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Ending the Military’s Courts of Criminal Appeals De Novo Review of Findings of Fact

PdfPDF by Matt C Pinsker · June-3-2014 · Categories: Current, Current Lead Articles, Lead Articles, Number 3, Print Edition, Volume 47

Under Article 66(c) of the Uniform Code of Military Justice (UCMJ), the military’s courts of criminal appeals have the unusual appellate power to conduct a de novo review of a trial court’s findings of fact. Congress gave the military’s appellate courts their unique fact-finding powers in 1950 because under the original UCMJ, special and general courts-martial were highly unprofessional proceedings and extremely susceptible to command influence, thereby creating the risk of unjustly convicting and harshly sentencing servicemembers. Originally, there were not even military judges presiding at summary courts-martial. Instead, a senior line officer untrained in the law was designated president of the panel and was responsible for deciding questions of law, such as the admissibility of evidence. The panel president [...]

The EU-27, U.S., U.K., and China Should Dump Cap-and-Trade as a Policy Option and Adopt a Carbon Tax with Reinvestment To Reduce Global Emissions

PdfPDF by Stephen Sewalk · June-3-2014 · Categories: Current, Current Lead Articles, Lead Articles, Number 3, Print Edition, Volume 47

Cap-and-trade is a failed policy. Under the Kyoto Protocol, global emissions have continued to increase and the European Union Emissions Trading System (EU ETS) price collapsed due to hot air and over allocation of emissions. The time has come to abandon cap-and-trade as a method or means of potentially reducing global greenhouse gas (GHG) emissions. As such, the European Union Twenty-Seven (EU-27) should abandon the EU ETS and adopt a carbon tax with reinvestment (CTR), leading the way for the United Kingdom, United States, and China to also adopt this strategy. Together, the EU-27, United Kingdom, United States, and China account for 57% of total carbon-dioxide emissions, not including land use and deforestation. If these countries, which account for approximately [...]

The Fourth Amendment and the Intuitive Relationship Between Child Molestation and Child Pornography Crimes

PdfPDF by Anthony Gambale · June-2-2014 · Categories: Current, Current Notes, Notes, Number 3, Print Edition, Volume 47

Due to the ambiguous language of the Fourth Amendment, courts have been unable to agree on a strict test as to what constitutes a reasonable search and seizure. For example, in United States v. Falso, the court held that evidence of child molestation, by itself, did not create probable cause for a search warrant for child pornography. In its reasoning, the court concluded that a crime involving the sexual abuse of a minor does not relate to child pornography. Therefore, officers lacked sufficient probable cause when executing the search warrant issued by the magistrate.   Likewise, in United States v. Hodson, the court held that evidence of child molestation, without more, was insufficient to create probable cause for a search [...]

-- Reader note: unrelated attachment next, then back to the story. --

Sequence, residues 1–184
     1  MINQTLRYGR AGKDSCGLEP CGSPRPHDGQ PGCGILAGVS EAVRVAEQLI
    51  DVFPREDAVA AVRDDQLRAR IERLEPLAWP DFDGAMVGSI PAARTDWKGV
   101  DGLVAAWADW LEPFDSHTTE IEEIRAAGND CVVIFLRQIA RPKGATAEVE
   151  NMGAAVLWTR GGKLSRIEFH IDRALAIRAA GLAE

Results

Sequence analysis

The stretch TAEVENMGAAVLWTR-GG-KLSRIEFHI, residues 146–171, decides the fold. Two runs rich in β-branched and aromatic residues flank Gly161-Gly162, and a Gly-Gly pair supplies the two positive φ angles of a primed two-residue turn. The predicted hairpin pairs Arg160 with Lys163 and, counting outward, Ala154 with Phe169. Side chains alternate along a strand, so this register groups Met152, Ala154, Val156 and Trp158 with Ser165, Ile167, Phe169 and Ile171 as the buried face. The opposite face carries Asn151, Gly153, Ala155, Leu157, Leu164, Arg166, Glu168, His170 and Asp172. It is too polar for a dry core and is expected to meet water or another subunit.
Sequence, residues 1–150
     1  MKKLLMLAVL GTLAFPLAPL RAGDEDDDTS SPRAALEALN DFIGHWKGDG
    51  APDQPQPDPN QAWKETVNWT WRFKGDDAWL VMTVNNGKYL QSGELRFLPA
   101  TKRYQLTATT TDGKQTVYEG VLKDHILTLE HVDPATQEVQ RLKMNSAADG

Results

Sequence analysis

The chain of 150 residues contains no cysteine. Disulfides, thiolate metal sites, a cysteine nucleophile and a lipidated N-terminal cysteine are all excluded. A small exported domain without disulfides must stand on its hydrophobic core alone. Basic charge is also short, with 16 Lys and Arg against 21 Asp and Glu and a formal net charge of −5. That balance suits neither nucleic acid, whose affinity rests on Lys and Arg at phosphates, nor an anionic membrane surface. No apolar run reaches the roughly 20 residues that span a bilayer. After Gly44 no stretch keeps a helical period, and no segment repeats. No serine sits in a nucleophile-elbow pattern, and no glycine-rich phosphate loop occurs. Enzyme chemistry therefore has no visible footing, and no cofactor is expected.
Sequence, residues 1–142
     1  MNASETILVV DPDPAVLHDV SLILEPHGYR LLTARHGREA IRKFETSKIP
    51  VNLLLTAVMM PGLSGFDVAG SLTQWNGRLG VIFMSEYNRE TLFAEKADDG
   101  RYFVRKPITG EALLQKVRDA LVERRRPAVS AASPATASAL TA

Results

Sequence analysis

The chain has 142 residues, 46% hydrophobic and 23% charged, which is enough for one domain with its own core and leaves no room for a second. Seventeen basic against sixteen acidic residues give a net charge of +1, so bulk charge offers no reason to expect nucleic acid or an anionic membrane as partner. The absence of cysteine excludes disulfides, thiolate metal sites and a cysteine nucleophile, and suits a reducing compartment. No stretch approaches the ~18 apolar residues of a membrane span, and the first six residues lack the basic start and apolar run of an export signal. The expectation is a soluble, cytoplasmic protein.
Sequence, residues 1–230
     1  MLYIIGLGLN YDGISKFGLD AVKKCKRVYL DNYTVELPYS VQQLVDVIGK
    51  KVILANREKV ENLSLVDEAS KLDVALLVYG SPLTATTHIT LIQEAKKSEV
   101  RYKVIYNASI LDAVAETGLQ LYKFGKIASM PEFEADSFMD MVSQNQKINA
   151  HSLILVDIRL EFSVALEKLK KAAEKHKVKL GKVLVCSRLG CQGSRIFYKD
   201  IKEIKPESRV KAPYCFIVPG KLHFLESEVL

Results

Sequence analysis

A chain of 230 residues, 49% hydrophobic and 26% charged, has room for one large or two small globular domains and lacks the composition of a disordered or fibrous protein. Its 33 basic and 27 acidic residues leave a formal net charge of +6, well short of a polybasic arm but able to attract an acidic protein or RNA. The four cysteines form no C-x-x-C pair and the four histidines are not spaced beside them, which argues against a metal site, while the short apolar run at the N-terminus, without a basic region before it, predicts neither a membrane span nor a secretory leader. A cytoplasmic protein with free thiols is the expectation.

Resolving the Cross-Border Discovery Catch-22

PdfPDF by Matthew J. Smith · June-2-2014 · Categories: Current, Current Notes, Notes, Number 3, Print Edition, Volume 47

The extraterritorial reach of the Federal Rules of Civil Procedure’s (Federal Rules) evidence-gathering provisions has long been a source of tension in foreign relations. The world we live in is increasingly interconnected and litigation between parties subject to multiple sovereigns has become more commonplace. Often, the discovery provisions of the Federal Rules come into conflict with foreign laws, such as banking secrecy or blocking statutes. Under such a predicament, a litigant that operates both abroad and in the United States is placed in a catch-22: produce discovery in violation of foreign law (and be subject to liability) or refuse to produce discovery (and be subject to sanctions). These types of scenarios can arise in almost every context and implicate the [...]

Transsexual Prisoners and the Eighth Amendment: A Reconsideration of Kosilek v. Spencer and Why Prison Officials May Not Be Constitutionally Required To Provide Sex-Reassignment Surgery

PdfPDF by Ethan Z. Tieger · June-2-2014 · Categories: Current, Current Notes, Notes, Number 3, Print Edition, Volume 47

For many Americans, the thought of providing any form of medical care to a convicted murderer is incomprehensible, a sentiment embodying the tenuous interplay between principles of morality and the rule of law. The reality is that prisoners throughout the United States frequently undergo various medical procedures to treat their health care needs, but for transsexual prisoners, the uphill battle to receive treatment, including hormone therapy and sex-reassignment surgery (SRS), has been plagued by the courts’ general resistance to recognize the severity of gender dysphoria. The Eighth Amendment has long been interpreted to afford a prisoner the right to receive adequate medical care and treatment for his or her serious medical needs. The Supreme Court has further explained that the [...]